If you have a residence permit in Denmark based on work, study, etc. you have to pay a deposit before you can start receiving lessons. Be aware that you can lose your deposit if you do not pass the different modules within a specific timeframe.
Your municipality of residence is obliged to offer you Danish lessons and refer you to a language centre. If you have not been offered Danish lessons within a month after registering your address in Denmark, you can contact your municipality.
You will (typically) be taught together with other foreign nationals who have arrived in Denmark recently.
If you are going to stay and possibly work in Denmark, there are a number of things to acquaint yourself with. Depending on your personal situation, you might need other important information and options.
The portal lifeindenmark.dk provides you with information, links and in many cases also options concerning the most important subjects such as:
The CPR register
School and daycare
Car registration and driver’s license
How long can I stay in Denmark?
You will be granted a permit as an accompanying family member for up to 4 years.
If you have had a permit on the same grounds for residence for 8 years, you can extend the permit for up to 5 years.
You will be granted a permit for a shorter period of time if your sponsor is employed on a temporary basis, for example for 1 year. In this case, the permit cannot be granted for longer than the employment’s length, namely 1 year. If the sponsor is a PhD student who has 1 year left of his/her education, your permit will be granted for 1 year.
A residence permit can only be valid until 3 months before the expiry date of your passport.
If your passport has a shorter validity than the otherwise possible period of stay, your residence permit will be shortened. This means that the validity of your residence permit will be shorter than it could be. When you have renewed your passport, you can apply for an extension of your residence permit – however, this can only be done, at the earliest, 3 months before your permit expires.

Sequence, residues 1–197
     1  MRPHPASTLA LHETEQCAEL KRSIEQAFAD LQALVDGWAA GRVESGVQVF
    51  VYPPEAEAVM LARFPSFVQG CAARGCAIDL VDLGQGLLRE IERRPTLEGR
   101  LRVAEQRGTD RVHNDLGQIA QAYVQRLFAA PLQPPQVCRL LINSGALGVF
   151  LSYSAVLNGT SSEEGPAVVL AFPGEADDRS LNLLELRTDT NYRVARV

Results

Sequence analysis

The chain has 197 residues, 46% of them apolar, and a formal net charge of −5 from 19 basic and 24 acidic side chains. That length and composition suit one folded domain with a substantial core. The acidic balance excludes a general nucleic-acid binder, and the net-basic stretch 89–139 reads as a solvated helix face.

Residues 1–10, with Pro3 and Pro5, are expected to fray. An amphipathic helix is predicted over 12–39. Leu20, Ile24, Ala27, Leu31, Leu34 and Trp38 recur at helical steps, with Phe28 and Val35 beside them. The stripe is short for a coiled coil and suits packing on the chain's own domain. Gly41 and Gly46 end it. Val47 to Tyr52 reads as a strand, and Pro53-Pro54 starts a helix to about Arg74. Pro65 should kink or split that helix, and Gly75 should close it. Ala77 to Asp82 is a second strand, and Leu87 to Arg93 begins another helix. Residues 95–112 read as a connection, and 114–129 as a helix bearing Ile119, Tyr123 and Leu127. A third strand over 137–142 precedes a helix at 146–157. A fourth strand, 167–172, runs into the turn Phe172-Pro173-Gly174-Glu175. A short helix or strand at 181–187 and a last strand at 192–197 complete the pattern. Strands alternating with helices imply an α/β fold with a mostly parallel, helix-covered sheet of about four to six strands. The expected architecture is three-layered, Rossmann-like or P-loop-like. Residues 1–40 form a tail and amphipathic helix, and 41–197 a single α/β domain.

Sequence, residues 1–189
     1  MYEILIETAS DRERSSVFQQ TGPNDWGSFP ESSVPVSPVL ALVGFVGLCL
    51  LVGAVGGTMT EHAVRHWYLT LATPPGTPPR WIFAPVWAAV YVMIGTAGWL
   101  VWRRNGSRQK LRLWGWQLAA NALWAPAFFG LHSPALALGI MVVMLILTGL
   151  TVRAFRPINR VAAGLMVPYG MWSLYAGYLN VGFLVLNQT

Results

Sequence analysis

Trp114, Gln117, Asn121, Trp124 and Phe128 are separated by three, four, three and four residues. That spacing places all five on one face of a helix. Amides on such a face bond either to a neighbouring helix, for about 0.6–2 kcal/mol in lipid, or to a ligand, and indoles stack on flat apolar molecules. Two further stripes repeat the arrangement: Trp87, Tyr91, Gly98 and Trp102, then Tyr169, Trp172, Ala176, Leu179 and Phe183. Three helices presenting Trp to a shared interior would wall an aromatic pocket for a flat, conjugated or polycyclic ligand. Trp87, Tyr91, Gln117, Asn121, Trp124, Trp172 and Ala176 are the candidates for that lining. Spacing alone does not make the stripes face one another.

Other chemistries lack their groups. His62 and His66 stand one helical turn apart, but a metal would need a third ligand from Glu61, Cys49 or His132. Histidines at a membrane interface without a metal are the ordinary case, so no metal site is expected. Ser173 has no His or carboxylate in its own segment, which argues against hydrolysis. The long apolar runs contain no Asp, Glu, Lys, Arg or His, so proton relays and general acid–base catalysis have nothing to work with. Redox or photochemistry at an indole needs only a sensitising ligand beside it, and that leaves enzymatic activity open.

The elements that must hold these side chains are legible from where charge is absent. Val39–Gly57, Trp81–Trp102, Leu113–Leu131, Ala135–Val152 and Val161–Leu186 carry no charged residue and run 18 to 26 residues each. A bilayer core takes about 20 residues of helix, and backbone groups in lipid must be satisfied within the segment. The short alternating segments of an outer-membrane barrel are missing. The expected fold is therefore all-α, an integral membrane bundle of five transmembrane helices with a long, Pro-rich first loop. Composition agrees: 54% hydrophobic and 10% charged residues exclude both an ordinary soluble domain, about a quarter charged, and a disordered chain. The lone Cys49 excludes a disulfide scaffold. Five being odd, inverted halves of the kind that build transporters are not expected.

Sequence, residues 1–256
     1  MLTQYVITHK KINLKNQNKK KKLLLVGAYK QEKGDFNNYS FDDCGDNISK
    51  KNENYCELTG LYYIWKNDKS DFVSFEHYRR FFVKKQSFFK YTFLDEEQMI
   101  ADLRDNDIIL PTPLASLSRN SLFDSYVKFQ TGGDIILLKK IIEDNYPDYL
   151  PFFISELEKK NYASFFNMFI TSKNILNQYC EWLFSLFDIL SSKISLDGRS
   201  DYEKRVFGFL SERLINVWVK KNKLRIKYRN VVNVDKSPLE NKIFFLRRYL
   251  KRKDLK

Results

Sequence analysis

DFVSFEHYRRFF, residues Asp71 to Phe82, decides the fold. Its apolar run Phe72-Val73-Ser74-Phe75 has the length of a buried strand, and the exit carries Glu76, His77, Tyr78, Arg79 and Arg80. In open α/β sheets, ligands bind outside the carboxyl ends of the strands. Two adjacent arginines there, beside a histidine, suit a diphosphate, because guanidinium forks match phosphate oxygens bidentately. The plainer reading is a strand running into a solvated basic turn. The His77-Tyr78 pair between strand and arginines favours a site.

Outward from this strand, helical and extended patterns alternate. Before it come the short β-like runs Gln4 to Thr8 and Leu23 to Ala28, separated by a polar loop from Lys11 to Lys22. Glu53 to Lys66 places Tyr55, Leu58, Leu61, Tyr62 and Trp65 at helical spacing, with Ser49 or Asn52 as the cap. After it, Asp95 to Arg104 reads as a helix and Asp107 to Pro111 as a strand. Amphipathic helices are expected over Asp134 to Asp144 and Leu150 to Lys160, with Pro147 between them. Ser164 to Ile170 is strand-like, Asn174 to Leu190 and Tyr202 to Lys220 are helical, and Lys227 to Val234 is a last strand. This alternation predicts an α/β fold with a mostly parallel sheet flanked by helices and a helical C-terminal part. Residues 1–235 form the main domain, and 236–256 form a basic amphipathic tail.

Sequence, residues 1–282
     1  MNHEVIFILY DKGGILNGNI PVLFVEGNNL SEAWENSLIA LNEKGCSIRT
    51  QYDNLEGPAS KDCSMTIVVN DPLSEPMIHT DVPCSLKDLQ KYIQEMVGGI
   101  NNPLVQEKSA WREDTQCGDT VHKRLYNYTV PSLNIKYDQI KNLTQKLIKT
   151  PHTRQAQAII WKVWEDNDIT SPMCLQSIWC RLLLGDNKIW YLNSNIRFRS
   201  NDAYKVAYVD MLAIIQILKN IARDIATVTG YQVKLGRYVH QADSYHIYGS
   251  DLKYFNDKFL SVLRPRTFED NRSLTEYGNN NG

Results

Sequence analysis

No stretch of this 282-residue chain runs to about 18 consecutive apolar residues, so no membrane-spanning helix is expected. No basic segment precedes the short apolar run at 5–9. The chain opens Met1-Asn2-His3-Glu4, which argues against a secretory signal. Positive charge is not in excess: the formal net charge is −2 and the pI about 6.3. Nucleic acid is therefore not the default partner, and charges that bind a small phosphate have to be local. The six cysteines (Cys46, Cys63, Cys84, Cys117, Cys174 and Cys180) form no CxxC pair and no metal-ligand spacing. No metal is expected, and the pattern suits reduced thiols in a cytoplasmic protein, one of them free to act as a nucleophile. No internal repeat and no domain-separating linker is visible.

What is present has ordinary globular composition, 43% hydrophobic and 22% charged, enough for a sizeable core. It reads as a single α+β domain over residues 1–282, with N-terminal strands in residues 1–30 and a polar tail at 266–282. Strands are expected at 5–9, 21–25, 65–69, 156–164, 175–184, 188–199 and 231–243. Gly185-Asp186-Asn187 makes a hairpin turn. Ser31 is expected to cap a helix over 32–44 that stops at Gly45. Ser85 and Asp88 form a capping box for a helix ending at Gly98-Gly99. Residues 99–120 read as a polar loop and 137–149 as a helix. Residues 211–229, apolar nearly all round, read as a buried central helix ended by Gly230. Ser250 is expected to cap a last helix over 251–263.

What more do I need to know before I apply?
An application for an extension of a residence permit as an accompanying family member to a person who has been granted permanet residence or Danish citizenship is processed by the Danish Agency for International Recruitment and Integration (SIRI).
Before submitting your application, you must create a case order ID for your application and pay a fee to cover SIRI’s case processing expenses. You can do this on the “How to apply” tab to the right. Here you also find the relevant application form, MF4.
Each accompanying family member must submit an individual application. For example, if a spouse and two children are applying for residence permits as accompanying family members, 3 case order IDs must be created, 3 fees must be paid and 3 application forms must be submitted.
SIRI will contact you or the sponsor in Denmark if we need further information to process your case.
Below you will find a step-by-step guide to submitting an application to the Danish Agency for International Recruitment and Integration (SIRI).
It is important that you have carefully read the conditions for being granted a residence permit before you begin step 1. You can do this on the tab “Need to know” on the left.
When submitting an application or appeal with a fee, you must first create a case order ID.
All fees are regulated every year on 1 January. Make sure to create your Case Order ID, pay the fee and submit your application in the same calendar year. If you pay the fee before 1 January and submit your application after 1 January, your application may be rejected.